Rewriting in healthcare

One in six people in the Netherlands is low-literate. That means they cannot read patient leaflets, let alone have the skills to log into a patient portal to view examination results. This has bothered Michiel Tebbes, part-time emergency doctor and part-time employee at D&A Conclusion, for years. But fortunately, ChatGPT now offers a solution.

April 25th, 2024   |   Blog   |   By: Conclusion


Michiel Tebbes Hertalingen in de zorg

How did the idea of rewriting in healthcare come about? 

Since OpenAI made ChatGPT available to the general public, the software has caused quite a commotion. In our last trend report, we wrote about how the technology works and what opportunities there are, but also what challenges exist. One of the challenges we mentioned at the time is the fact that ChatGPT predicts what the next word should be. The model looks for words that ‘logically’ belong together, which can sometimes lead to hilarious sentence constructions.  

However, this drawback won’t cause you any problems if you ask the model to translate or rewrite a particular sentence or piece of text to the level of someone who is low-literate or the level of a child. That’s what Michiel Tebbes discovered when he was on duty in the emergency department at Slingeland Hospital and the cardiologist told him, in medical language, what exactly was wrong with his patient. Michiel: “Cardiologists use a lot of abbreviations. I knew exactly what he was saying, but this patient’s grandchild was also there. I wanted to explain things in a way that both grandad and grandchild would both understand. So I typed the cardiologist’s medical sentence into ChatGPT and asked it to rewrite it for a four-year-old child. The language model came up with a sweet little story that was also very clear. I never could have thought of it that way myself.” 

Why is rewriting necessary?

As we have said, one in six people in the Netherlands - a total of 2.5 million people - are low-literate. They have difficulty with reading, and also with understanding complex information. Of course, they are still in charge of their own bodies. When they are ill, sometimes they are forced to make complicated decisions. You want them to be properly informed.

Furthermore, with the rising demand for care and the declining number of working people, we also need to organise care differently. Morgens Conclusion commissioned research on future scenarios for hospitals. It clearly showed that if we don’t change the way we work, we are heading for a healthcare crisis. To address this, we can maximise our commitment to a digital transformation of healthcare. This requires us to look closely at how we organise tasks. Michiel: “Do you know that, as a doctor, I spend about 70 per cent of my time in front of a computer?” And of the 30 per cent of time he dedicates to consulting with colleagues and interacting with patients, he also needs to spend time on rewriting medical information. “Because we use much medical jargon when talking among ourselves. Afterwards, when I have a conversation with a patient, my brain is constantly thinking in the background: how do I explain this in an understandable way? This takes time and mental energy.”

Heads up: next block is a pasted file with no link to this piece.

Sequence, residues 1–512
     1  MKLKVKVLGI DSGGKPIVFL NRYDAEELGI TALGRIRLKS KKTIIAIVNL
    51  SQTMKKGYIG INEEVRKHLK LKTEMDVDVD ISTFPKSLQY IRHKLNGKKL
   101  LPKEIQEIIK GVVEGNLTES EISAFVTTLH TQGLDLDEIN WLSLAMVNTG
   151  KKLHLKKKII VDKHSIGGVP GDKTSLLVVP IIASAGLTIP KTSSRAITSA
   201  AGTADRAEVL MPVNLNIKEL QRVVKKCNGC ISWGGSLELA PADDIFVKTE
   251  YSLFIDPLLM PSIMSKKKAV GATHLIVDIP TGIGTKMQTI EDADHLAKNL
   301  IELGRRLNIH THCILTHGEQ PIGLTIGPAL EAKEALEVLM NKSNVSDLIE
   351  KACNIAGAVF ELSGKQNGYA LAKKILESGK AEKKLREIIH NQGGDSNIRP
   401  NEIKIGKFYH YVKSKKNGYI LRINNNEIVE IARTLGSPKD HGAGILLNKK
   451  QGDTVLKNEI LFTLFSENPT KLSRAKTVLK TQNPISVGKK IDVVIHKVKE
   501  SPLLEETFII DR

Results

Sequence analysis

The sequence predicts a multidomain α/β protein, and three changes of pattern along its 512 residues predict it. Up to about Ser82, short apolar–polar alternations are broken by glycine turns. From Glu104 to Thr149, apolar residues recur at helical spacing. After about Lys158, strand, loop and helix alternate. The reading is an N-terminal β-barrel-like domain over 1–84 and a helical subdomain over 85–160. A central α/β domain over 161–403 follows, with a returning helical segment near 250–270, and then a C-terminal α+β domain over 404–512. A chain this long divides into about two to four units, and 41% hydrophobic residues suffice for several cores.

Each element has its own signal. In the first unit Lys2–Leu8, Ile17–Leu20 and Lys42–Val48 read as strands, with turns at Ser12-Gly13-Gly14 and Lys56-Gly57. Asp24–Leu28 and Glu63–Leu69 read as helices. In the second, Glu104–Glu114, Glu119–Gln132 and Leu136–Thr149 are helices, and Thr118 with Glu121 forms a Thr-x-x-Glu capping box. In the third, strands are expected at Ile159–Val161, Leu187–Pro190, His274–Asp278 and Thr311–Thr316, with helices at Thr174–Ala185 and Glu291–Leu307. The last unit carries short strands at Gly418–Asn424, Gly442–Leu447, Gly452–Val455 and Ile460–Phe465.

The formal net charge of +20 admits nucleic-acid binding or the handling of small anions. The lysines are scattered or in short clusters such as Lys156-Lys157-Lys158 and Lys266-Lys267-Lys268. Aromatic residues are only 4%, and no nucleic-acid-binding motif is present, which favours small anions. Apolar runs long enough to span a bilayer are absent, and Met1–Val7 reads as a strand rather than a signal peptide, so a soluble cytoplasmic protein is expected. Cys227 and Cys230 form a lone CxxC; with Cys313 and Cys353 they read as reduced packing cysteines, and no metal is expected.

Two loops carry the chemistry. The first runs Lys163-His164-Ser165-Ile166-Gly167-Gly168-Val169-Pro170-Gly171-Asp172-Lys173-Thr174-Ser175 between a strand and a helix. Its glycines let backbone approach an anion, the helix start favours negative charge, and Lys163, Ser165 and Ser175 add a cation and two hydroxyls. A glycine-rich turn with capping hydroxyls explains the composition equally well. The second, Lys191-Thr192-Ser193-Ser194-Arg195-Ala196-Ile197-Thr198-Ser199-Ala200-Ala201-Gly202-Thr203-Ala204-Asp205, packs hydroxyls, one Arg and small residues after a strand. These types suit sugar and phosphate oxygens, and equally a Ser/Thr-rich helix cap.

You can save that energy with automatic rewriting. “As a doctor, you enter a lot of medical information into the EHR. This information is also given to patients via patient portals, but the patients don’t understand the medical jargon. How nice would it be if the patient just saw it rewritten in language matching their level of understanding?”

You can also use ChatGPT for translation. Michiel uses this function regularly for asylum seekers in the emergency ward at Slingeland Hospital, and he missed having it when he worked at the hospital in Deventer, a city with a large Turkish community. “Of course, it’s extremely important that patients get information in their own language. That obviously applies to people who don’t speak Dutch, but also to immigrants who do speak Dutch, because healthcare often involves complex information. People are also under stress, which means they don’t remember a lot of the conversation anyway.”

You can also use AI to create a video of the written text. This is essential for patients who are illiterate, but is also nice to share with your family or friends at home. This way, everyone is informed at the same time and you can have a better discussion about which treatment option to choose. 

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Next step

The next step Michiel would like to take is to develop a plugin that makes it possible to launch a web browser to do the translation from within the EHR. “If doctors have to leave the EHR, you’ve made it too complex. That makes it more work instead of less. It should be set up in such a way that when a doctor enters medical information in the EHR, a rewritten message is generated for the patient automatically,” says Michiel. “The doctor won’t have to do that work anymore, and the information will be easier for the patient to understand.” 

ChatGPT came up with a sweet little story about what was wrong with grandad. I never could have thought of it that way myself.

Michiel Tebbes

Principal consultant bij D&A Conclusion

Michiel Tebbes, principal consultant bij D&A Conclusion

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